5 Ways to Improve the Oscars

This year’s broadcast is on record as one of the lowest-rated telecasts of the Academy Awards in recent memory. People have debated the reason behind this. Was it the overlong broadcast, the host, or the general disorder? As a cinephile, I can firmly state that it is all three and more. But the Oscars isn’t completely hopeless. I feel with a few tweaks and revisions, it can be a first-rate production again. Here are five ways to drastically improve the Oscars…

5. Change the date- Each year it feels like like the Oscar ceremony is the culmination of award shows and it is more like a belated round of applause. Late February is pretty far down the line to still be considering last year. At this point, people have already moved on to this year’s slate of releases. Late January would be a good timeframe. Then most of the releases nominated will have been released wide and they will still be fresh in the public’s mind.

4. Hire better writers- The monologue and banter that Neil Patrick Harris had to spout this year was largely toothless and witless. He dazzled as the emcee of the Tony’s but he floundered in his tux at the Academy Awards. Why? According to the credits, a litany of writers couldn’t even assemble any stellar jokes for him to repeat. I say either hire a host who will riff amusingly with an edge (ala Ricky Gervais or Daniel Tosh) or get a cadre of solid joke writers and ditch the overrated bloat of someone like Seth Graham Green and Bruce Vilanch.

3. Drop the endless tributes/filler- Just because it’s the anniversary of an Oscar-nominated movie doesn’t mean that people need to sit through another interminable song-and-dance number. The opening monologue has belabored the singing tribute to the year’s nominees and another one later in the broadcast is just baiting the audience to shut off the television. The in memoriam is honorable and can remain intact. However, a glimpse at the technical awards should only be available for those who are interested on the Oscar’s official website. Additionally the contest for future Oscar hopefuls is just an overproduced gesture to expand the show’s length. Dropping these will shorten the runtime considerably and make the viewers much like drowsy.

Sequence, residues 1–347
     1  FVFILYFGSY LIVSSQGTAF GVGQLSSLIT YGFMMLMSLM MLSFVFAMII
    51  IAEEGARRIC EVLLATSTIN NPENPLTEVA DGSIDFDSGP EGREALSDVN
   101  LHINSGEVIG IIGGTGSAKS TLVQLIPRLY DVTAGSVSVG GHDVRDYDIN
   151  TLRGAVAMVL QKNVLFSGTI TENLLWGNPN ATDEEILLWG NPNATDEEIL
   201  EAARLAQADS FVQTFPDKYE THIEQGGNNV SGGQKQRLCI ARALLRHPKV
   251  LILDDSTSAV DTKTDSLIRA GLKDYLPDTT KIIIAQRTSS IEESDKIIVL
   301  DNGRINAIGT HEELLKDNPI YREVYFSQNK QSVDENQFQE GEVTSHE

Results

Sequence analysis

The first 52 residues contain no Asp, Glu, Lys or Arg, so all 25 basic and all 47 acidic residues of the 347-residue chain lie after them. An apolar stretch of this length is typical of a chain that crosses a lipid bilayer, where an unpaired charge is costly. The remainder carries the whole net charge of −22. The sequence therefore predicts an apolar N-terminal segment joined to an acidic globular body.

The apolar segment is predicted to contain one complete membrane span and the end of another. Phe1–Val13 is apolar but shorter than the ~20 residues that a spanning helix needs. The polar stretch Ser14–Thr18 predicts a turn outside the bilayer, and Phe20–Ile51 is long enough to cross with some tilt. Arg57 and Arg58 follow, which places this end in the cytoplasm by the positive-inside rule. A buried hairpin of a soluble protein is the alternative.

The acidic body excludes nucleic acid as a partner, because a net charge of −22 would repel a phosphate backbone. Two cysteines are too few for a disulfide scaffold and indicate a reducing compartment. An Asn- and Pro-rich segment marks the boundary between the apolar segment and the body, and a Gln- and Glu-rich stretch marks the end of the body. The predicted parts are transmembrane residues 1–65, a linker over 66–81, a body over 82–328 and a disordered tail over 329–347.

2. Lessen the number of best picture nominees- It was a decent experiment when the show tinkered with having a number between 5 and 10 best picture nominees but it also decreased interest. Most people hardly see all the nominees and they don’t want to see a ceremony celebrating movies they either haven’t had time to see or no intention of seeing. Also I agree that increasing the number somewhat impacts the “prestige” of being nominated. Some movies are nominated merely to bulk up the category. It’s unnecessary.

1. Bring levity to the show- Do you know what the key difference between the Oscars and the Golden Globes is? Not the intermingling of TV and Film or the number of categories. The Oscars are lumbering, slow and predominantly self-serious. On the other hand, The Golden Globes are sleek, lean and above all, infectiously fun. The Globes serve alcohol during the night which causes some hysterical unscripted moments. The nominees and winners are more relaxed and don’t feel pressure to wrap up immediately. The hosts are usually sublime and really skewer the room with their rapier wit. On the whole, the Globes might not receive the veneration of the Oscars but they are eminently more watchable.

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